Tuesday, August 24, 2010

King's Lynn buoys

click photo to enlarge
Earth colours and subtle, matching hues are all very well, but sometimes, for a photographer, there's nothing better, than to happen upon some good, strong primary colours. I did just that the other day when I visited King's Lynn in Norfolk. I'd been to the particular location before, and knew that it was the place where buoys used in the River Great Ouse and The Wash are renovated and re-painted (see previous photographs here and here). However, nothing prepared me for the brilliance of the colour I encountered. Perhaps it was the deep blue of the sky, itself accentuated by the soft, white clouds, that gave the yellows and reds of the buoys their extra "punch". Or maybe it was the newly painted examples sitting on the boat, ready to be taken to their turbulent moorings. The fresh green and the battered green added to the effect, giving me the opportunity to take a photograph that was as much about the colour as it was about the subjects depicted.

Over the years I've often found myself, toward the end of a cold, dark winter, craving the colour that a sun higher in the sky, and the season of spring itself, promises. My bee-line to the first flowers in the garden usually beats the real bees, and the flowers that my wife buys to arrange in our vases during this period are also a draw. This year, in mid-February, I found myself manufacturing the effect of sun shining through the petals of a flower. I even stole the title and sentiments of George Harrison's "Here Comes The Sun" as a hook for the "reflection" as well as for the title of the post. However, in mid-August, after a summer that has had as much, and possibly more, sun as the average English summer, what excuse can I profer for gleefully photographing some brightly painted buoys. I can only plead a surfeit of rural vegetative greens and browns. It's true that Lincolnshire's landscape is punctuated by roofs of orange pantiles, and the over-arching sky is often of the deepest blue, but my photographic diet in recent weeks (quick trips to bustling Lincoln and the glitz of Skegness notwithstanding) has been pretty much one featuring rural "earth colours". So, like a schoolboy whose sweets have been confiscated, I was craving the sugar of primary colours, and I took the opportunity to get my fill in King's Lynn.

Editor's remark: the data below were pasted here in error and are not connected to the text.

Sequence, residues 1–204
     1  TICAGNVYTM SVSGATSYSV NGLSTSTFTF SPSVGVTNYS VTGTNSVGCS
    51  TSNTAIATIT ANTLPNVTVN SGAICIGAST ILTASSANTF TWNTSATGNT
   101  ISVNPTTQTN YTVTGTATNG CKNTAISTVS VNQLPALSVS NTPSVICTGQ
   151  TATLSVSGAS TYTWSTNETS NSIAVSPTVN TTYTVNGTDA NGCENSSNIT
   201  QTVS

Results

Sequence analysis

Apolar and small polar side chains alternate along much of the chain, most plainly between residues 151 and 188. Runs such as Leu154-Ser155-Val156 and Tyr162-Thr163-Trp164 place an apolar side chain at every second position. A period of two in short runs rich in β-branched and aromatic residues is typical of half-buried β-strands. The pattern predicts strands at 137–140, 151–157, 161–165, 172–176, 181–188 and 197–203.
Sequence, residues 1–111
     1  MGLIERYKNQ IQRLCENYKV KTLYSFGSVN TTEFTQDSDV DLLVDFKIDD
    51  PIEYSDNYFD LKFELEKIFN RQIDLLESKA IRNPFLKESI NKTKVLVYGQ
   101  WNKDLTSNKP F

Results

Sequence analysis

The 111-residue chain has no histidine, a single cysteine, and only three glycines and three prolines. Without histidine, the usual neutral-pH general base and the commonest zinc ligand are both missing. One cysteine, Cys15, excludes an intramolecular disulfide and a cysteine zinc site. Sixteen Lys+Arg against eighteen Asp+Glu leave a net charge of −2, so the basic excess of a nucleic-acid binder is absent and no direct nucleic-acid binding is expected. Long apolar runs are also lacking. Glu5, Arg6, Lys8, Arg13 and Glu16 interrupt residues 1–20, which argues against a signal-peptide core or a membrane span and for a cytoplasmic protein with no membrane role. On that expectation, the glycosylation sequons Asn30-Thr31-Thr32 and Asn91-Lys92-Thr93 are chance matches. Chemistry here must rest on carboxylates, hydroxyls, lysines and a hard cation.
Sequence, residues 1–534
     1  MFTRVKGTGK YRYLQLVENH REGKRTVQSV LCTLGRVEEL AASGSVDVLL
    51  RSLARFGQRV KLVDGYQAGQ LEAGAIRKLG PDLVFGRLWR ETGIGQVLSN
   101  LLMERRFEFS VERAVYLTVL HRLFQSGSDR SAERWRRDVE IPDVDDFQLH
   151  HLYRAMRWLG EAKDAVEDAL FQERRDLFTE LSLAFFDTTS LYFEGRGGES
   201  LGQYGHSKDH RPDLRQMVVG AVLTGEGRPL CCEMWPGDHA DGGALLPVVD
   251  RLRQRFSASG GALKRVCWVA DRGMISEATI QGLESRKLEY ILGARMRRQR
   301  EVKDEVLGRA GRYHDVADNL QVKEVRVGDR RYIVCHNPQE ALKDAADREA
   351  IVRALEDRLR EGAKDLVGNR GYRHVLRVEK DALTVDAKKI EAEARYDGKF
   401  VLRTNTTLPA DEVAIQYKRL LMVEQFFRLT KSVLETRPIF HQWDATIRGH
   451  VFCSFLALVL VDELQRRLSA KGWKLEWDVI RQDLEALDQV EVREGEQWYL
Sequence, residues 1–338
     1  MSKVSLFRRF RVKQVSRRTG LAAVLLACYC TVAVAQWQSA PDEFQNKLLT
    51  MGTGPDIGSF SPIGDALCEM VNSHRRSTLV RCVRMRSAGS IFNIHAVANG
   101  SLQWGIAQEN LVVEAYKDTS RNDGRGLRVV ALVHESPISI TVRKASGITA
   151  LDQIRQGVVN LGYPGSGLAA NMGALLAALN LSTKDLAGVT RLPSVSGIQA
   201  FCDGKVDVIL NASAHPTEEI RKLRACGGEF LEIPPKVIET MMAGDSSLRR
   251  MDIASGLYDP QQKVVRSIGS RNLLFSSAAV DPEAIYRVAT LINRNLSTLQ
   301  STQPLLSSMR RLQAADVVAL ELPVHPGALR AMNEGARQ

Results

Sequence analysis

photograph and text (c) T. Boughen

Camera: Olympus E510
Mode: Aperture Priority
Focal Length: 11mm (22mm/35mm equiv.)
F No: f5.6
Shutter Speed: 1/1250
ISO: 100
Exposure Compensation: -0.3 EV
Image Stabilisation: On